Structural characterization of a nematode-infecting virus - Orsay
Guo, Yusong R
Tao, Yizhi Jane; Zhong, Weiwei
Doctor of Philosophy
Orsay virus is the first and so far the only virus known to naturally infects the model organism Caenorhabditis elegans. It has a bipartite, positive-sense RNA genome, encoding the viral polymerase, the capsid protein (CP), and a protein named Delta whose functions are currently unknown. Based upon sequence analysis, the Orsay virus is most closely related to members of the Nodaviridae family, but may define a novel family given its unique features, such as the non-AUG initiation of CP translation and the expression of a CP-Delta fusion protein. To better understand the molecular mechanisms of Orsay virus replication, I performed structural and functional studies of Orsay viral proteins. Recombinant Orsay CP expressed in E. coli spontaneously forms virus-like particle (VLP). Its crystal structure has been determined to 3.25-Å resolution by averaging and phase extension using a 9-Å resolution cryo-EM reconstruction as a phasing model. The Orsay VLP shows T=3 icosahedral symmetry with 60 trimeric spikes. Each CP can be divided into three regions: an N-terminal peptide, a S domain forming the continuous capsid shell, and a P domain forming surface protrusions. The jelly-roll β-barrel in the S domain closely resembles those from small plant viruses, while the P domain is remotely related to betanodaviruses. The N-terminal peptide forms an extensive internal network and may regulate capsid stability and genome packaging. Recombinant CP could also be purified as stable dimers, indicating that Orsay capsid assembly may start from dimer formation. The Delta protein, which has no homology with any other known protein, is rich in β-sheets with high valine content. Under electron microscope, recombinant Delta appeared as a rod-shaped, fibrous protein. The crystal structure of the N-terminal 66 residues at 2.1Å resolution shows a pentameric helical bundle with interesting biological implications. Considering the unique advantage of the C. elegans-Orsay system for studying viral pathogenesis and virus-host interactions and also its promising application in anti-viral drug screening, my studies of the Orsay virus will not only provide important insights into the fundamental biology of RNA viruses in general, but will also facilitate development of the C. elegans-Orsay as a powerful virological model.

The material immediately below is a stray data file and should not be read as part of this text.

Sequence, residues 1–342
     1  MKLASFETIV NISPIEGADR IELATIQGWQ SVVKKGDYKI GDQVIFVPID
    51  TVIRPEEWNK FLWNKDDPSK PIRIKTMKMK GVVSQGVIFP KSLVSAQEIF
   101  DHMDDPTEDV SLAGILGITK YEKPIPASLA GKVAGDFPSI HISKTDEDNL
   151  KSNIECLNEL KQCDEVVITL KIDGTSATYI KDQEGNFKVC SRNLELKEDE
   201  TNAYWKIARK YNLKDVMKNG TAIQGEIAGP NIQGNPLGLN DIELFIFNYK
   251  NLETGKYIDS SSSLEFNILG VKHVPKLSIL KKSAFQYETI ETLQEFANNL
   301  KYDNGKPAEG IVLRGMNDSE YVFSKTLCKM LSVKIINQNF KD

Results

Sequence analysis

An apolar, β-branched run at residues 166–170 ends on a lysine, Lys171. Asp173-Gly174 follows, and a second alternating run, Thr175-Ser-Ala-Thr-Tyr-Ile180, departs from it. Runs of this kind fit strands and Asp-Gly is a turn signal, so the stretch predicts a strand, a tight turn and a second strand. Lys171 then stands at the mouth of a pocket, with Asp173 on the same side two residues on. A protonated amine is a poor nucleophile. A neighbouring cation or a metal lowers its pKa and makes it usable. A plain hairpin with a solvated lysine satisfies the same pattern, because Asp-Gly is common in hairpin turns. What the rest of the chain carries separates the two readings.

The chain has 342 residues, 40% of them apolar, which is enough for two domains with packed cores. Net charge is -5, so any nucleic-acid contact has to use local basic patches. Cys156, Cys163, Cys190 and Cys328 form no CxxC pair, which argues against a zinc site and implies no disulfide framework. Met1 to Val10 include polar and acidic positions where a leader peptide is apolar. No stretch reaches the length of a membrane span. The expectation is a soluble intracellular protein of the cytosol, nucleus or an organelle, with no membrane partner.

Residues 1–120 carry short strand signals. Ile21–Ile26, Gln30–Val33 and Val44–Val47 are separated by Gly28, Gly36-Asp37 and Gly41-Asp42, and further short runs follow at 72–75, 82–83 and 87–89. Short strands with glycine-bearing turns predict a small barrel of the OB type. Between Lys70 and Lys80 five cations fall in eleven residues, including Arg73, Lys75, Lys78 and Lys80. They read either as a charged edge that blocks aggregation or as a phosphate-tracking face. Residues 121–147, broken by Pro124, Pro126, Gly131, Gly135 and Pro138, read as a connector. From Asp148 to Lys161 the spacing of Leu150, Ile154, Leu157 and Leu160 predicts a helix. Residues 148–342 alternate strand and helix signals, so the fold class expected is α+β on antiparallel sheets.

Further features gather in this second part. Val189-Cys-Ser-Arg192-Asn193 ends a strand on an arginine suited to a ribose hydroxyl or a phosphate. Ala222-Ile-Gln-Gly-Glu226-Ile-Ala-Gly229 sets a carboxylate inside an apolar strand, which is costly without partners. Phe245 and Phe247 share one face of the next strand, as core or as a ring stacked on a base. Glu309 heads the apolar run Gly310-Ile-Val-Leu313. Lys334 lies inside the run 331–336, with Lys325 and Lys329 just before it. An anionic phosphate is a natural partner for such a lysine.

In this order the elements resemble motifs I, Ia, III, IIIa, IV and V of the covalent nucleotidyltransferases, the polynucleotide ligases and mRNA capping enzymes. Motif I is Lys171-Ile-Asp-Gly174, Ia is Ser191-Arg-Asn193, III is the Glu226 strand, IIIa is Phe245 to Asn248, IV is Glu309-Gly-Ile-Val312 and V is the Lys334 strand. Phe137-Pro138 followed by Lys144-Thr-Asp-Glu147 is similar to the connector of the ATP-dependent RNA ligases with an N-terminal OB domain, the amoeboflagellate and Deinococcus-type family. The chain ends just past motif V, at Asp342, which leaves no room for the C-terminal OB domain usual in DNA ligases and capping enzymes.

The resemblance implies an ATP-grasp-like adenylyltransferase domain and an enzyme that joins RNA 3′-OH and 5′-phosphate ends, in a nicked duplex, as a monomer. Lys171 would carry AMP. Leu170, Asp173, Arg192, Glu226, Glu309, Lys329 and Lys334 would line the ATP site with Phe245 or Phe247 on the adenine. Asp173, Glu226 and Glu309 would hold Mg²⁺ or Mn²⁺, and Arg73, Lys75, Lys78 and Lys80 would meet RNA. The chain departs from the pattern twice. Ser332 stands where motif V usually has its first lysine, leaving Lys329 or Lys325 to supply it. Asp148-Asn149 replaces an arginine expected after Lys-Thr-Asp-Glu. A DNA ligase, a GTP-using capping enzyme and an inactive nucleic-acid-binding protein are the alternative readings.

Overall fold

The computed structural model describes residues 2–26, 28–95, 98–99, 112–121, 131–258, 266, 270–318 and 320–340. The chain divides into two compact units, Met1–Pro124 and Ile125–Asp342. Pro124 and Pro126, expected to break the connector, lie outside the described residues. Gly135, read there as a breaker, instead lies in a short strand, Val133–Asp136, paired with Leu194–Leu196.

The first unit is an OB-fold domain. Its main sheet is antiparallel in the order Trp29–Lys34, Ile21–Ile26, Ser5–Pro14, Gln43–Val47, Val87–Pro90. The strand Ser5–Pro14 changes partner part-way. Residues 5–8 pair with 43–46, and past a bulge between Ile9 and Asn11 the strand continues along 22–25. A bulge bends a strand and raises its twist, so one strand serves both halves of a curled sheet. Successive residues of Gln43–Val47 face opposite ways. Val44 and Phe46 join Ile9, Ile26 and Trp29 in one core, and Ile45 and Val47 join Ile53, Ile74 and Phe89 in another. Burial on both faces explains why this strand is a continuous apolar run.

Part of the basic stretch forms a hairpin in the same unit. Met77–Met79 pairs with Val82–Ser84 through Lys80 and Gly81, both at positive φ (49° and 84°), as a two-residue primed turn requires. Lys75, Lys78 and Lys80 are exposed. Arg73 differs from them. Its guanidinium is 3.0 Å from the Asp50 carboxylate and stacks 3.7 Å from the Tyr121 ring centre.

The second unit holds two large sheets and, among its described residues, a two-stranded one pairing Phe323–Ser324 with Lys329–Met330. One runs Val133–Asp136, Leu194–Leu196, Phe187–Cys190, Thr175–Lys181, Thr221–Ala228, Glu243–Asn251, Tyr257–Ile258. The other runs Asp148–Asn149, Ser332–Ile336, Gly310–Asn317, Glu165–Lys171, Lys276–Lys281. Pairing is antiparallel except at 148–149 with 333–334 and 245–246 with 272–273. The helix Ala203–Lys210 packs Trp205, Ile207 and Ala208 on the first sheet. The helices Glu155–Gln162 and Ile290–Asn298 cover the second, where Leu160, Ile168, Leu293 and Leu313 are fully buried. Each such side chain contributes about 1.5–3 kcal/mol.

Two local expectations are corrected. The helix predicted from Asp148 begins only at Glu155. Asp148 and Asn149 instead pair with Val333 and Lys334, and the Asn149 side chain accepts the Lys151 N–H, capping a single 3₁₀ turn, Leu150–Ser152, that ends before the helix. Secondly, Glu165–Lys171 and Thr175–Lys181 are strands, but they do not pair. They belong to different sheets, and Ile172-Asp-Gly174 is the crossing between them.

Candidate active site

Orsay virus; structure, crystallography